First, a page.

20230717 
14:3015:15 
20230717,14:3015:15  LR3 (A31a 2F) 
0717 Afternoon Math Lecture Room 3 (A31a 2F)

Speaker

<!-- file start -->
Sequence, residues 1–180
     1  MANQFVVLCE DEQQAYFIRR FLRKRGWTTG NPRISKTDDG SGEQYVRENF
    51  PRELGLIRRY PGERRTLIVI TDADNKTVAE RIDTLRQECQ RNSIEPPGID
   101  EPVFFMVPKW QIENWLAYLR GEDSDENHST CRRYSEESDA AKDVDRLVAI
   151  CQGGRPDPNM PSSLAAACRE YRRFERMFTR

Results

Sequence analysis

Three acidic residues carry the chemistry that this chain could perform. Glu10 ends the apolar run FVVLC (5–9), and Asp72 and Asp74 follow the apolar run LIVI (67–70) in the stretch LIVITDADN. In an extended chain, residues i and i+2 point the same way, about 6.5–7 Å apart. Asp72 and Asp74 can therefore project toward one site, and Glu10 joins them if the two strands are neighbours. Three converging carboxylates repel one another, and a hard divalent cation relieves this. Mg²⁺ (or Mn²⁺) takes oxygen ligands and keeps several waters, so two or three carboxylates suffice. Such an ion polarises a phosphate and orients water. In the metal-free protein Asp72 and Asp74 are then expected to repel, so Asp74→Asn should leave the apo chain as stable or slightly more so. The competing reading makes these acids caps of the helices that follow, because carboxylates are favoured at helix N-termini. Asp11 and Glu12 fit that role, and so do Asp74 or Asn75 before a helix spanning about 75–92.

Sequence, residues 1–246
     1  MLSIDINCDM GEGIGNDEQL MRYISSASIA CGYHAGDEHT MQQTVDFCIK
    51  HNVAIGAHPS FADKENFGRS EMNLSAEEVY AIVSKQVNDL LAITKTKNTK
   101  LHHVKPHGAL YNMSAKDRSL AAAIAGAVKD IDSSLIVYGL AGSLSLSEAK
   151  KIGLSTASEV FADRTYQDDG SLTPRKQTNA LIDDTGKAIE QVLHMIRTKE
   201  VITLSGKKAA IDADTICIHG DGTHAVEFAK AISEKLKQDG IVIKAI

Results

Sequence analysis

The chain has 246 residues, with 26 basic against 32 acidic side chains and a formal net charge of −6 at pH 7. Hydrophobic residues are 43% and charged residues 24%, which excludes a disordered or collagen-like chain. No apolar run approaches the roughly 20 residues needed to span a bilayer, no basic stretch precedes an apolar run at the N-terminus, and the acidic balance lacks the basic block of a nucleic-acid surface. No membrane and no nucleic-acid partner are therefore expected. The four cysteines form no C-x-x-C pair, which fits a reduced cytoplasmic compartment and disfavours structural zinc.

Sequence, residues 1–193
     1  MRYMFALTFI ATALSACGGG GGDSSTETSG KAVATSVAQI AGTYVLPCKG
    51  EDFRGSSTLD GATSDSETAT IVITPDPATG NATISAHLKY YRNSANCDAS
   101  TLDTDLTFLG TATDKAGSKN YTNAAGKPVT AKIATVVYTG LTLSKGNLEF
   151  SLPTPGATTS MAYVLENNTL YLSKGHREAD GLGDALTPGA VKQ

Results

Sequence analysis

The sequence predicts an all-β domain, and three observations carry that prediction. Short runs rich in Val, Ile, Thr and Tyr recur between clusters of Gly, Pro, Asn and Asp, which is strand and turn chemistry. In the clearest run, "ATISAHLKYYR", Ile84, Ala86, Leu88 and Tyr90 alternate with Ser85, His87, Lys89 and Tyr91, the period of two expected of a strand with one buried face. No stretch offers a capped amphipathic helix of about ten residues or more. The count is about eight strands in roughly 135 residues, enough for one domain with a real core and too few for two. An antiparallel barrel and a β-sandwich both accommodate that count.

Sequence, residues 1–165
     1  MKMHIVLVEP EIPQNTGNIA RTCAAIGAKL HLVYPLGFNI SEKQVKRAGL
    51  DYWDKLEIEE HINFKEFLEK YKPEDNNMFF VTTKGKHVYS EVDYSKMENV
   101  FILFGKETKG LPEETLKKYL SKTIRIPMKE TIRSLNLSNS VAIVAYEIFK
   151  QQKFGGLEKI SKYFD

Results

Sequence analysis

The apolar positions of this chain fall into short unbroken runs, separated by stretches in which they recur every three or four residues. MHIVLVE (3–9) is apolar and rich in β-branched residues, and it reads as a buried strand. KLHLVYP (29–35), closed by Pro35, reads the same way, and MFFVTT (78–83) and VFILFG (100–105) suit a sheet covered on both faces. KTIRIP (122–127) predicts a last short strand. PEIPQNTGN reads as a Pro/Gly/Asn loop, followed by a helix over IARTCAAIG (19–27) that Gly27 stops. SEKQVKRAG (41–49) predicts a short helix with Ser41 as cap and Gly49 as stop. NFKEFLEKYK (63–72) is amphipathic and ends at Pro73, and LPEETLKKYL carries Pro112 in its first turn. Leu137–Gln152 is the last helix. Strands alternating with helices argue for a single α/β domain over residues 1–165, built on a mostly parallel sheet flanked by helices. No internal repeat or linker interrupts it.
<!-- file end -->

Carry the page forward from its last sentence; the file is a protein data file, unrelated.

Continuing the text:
Rational approximations of irrational numbers Given quantities $\Delta_1,\Delta_2,\dots\geqslant 0$, a fundamental problem in Diophantine approximation is to understand which irrational numbers $x$ have infinitely many reduced rational approximations $a/q$ such that $xa/q<\Delta_q$. Depending on the choice of $\Delta_q$ and of $x$, this question may be very hard. However, Duffin and Schaeffer conjectured in 1941 that if we assume a ``metric'' point of view, the question is governed by a simple zeroone law: writing $\varphi$ for Euler's totient function, we either have $\sum_{q=1}^\infty \varphi(q)\Delta_q=\infty$ and then almost all irrational numbers (in the Lebesgue sense) are approximable, or $\sum_{q=1}^\infty\varphi(q)\Delta_q<\infty$ and almost no irrationals are approximable. I will present the history of the DuffinSchaeffer conjecture and the main ideas behind the recent work of KoukoulopoulosMaynard that settled it.